Throughout our history, we have had a number of people in our county who have been and are real treasures. Many of them have not been recognized because they have so quietly played major roles in the making of our history without any thought of recognition or reward.
Mrs. Ethel Sanderson Ernest is one such quiet person who continues to think of others and who remains avidly interested in the people of Quay County. Mrs. Ernest moved to the Porter community in 1917 with her parents and siblings and then moved to Tucumcari in 1923. In 1924, she married C. L. Ernest and has lived here most of the time since. She was active in her church and took much pride in being a homemaker and in helping her friends and neighbors. She recalls the pleasure she and her husband had while walking along Main Street and looking into the many shop windows, having a soft drink in the Elk Drug Store, visiting with friends they met along the way, and attending movies at the Princess Theatre.
She and I became pen pals when I lived in Las Cruces because I often visited her close friend, Maud Wingrove. She would also call Mother on occasion to talk about their many friends of the past and would then report those visits in her wonderful letters. We have even continued to exchange Christmas letters during the years since I retired. She always mentions our loved ones and recalls many wonderful stories about them.
Recently, she invited me to her home so we could chat about the past, and much to my surprise, she handed me a copy of the first city directory, Worley’s Miscellaneous Directory: Tucumcari, New Mexico, 1909-10. She explained that she thought I might like it because I tend to like our history. Once in a great while, I can be completely speechless, and that was most definitely a time when no words could express my feelings. To receive such a gift from such a treasure was an overwhelming experience, and I think she noticed my appreciation.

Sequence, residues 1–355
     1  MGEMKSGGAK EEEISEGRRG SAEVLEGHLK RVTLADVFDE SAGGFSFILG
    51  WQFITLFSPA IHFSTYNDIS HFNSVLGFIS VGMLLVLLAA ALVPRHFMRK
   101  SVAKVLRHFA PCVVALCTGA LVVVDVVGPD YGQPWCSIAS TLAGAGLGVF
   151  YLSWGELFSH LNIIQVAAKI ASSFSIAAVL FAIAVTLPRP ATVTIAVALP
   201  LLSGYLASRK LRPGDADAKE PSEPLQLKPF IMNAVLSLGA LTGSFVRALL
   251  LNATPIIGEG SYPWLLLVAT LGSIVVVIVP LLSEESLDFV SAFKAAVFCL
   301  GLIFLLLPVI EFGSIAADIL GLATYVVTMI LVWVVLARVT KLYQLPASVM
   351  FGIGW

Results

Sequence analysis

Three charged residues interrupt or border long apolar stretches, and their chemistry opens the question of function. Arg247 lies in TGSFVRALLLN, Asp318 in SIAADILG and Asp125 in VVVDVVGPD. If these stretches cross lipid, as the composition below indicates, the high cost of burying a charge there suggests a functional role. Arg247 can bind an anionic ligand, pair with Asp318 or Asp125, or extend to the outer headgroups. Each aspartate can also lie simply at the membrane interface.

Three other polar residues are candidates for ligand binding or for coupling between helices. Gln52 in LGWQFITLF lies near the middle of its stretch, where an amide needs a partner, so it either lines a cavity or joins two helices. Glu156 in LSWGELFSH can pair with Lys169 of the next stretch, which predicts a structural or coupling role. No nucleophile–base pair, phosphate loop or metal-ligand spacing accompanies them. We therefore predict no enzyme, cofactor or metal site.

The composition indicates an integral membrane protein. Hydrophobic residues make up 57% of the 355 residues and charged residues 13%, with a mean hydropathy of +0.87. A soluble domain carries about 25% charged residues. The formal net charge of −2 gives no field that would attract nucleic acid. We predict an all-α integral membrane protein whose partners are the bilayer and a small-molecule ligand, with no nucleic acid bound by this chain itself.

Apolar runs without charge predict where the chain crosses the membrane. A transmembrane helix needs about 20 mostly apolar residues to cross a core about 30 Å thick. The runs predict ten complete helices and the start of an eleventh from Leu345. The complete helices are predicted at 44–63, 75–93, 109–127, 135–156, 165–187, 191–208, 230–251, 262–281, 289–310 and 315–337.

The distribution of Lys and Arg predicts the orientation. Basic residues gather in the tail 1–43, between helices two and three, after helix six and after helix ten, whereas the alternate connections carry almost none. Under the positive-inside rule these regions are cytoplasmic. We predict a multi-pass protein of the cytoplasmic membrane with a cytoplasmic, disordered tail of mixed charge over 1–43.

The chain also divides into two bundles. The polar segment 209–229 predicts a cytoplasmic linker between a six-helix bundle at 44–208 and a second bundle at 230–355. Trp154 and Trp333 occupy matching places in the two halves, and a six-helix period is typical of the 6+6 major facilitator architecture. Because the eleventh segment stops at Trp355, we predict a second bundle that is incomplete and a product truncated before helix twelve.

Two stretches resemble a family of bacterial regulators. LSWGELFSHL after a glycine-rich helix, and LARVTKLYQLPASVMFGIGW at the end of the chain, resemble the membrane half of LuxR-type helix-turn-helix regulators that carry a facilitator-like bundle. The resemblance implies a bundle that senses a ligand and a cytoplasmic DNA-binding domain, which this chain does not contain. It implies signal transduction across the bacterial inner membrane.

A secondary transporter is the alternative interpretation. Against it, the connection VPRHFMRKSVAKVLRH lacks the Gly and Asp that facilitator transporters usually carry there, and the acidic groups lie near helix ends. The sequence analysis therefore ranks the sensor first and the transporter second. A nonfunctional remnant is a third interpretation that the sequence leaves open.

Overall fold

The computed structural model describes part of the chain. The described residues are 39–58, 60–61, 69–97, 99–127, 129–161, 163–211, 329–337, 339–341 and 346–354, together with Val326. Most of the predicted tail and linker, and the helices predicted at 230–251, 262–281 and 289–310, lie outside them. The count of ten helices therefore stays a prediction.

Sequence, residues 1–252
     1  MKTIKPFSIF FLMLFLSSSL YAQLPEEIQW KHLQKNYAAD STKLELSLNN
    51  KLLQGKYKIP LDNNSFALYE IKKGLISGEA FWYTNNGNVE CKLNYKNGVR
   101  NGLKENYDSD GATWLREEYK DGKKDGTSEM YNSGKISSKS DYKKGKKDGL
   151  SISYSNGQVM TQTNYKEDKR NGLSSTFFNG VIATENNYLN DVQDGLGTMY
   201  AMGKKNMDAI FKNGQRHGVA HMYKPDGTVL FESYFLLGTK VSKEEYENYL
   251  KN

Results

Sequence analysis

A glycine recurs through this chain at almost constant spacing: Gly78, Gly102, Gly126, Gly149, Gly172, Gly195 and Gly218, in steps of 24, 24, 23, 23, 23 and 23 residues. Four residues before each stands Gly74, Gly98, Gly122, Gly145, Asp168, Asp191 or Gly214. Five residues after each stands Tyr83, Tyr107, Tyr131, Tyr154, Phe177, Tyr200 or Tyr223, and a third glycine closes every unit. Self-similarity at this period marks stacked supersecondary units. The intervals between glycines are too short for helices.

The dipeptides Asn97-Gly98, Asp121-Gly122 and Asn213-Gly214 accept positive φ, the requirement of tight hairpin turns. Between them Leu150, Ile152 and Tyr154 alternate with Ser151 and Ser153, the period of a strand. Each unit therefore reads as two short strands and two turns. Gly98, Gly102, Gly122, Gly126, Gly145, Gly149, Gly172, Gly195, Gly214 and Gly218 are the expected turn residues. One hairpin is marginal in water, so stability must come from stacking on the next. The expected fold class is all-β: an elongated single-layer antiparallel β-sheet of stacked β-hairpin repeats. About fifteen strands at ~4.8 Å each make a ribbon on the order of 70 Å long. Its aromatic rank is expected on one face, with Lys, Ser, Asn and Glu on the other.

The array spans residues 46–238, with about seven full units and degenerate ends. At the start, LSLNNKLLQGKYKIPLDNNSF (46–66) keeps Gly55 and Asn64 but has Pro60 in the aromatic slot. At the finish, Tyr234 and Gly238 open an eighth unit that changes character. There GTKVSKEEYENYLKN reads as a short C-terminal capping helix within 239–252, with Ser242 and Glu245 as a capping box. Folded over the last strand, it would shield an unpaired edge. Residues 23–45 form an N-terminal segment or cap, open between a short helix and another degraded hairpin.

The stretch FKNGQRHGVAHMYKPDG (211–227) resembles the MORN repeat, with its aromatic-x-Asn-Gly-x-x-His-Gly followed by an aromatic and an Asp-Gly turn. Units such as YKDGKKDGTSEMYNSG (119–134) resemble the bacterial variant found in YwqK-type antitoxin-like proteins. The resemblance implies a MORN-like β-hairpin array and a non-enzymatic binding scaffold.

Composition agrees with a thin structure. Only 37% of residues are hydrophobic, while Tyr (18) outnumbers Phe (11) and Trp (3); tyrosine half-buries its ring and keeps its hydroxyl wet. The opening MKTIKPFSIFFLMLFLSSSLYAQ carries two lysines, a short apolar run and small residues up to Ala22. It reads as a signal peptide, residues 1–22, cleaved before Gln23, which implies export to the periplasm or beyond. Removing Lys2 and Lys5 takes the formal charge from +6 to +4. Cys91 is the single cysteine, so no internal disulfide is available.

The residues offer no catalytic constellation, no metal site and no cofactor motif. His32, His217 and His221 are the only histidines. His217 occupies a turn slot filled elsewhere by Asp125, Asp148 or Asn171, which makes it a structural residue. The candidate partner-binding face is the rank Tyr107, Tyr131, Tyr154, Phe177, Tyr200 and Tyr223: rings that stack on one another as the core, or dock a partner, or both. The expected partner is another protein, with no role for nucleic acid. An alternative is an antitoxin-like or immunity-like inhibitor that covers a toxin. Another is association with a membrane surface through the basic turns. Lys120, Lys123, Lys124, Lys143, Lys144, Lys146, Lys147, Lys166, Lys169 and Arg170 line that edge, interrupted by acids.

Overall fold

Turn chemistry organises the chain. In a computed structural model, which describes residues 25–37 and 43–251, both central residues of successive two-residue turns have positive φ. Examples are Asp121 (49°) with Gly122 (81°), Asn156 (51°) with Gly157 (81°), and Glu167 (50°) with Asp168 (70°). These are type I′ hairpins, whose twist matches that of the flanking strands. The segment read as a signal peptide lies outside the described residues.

Since then, I have spent much time browsing and driving around our town to note many of the homes that are still in existence and to remember the people who lived in them. Tucumcari Lumber Company, then managed by Lee G. Pearson, is the only business name that remains today and is still in the same location. With a population of 5080, our town was alive with many other businesses. Ten grocers are listed, along with four blacksmiths, six clothiers, two harness and saddlery shops, seven hotels, fifteen land companies, four wagon yards, ten restaurants, eight physicians, and many more business establishments. Many street names were already in place south to Charles, and the young town was growing.
Although the gift is pricelss, the friendship is the most precious. Mrs. Ernest very quietyly committed one more act of kindness and let me know how much both the past and present mean to each of us. Thank you, my friend!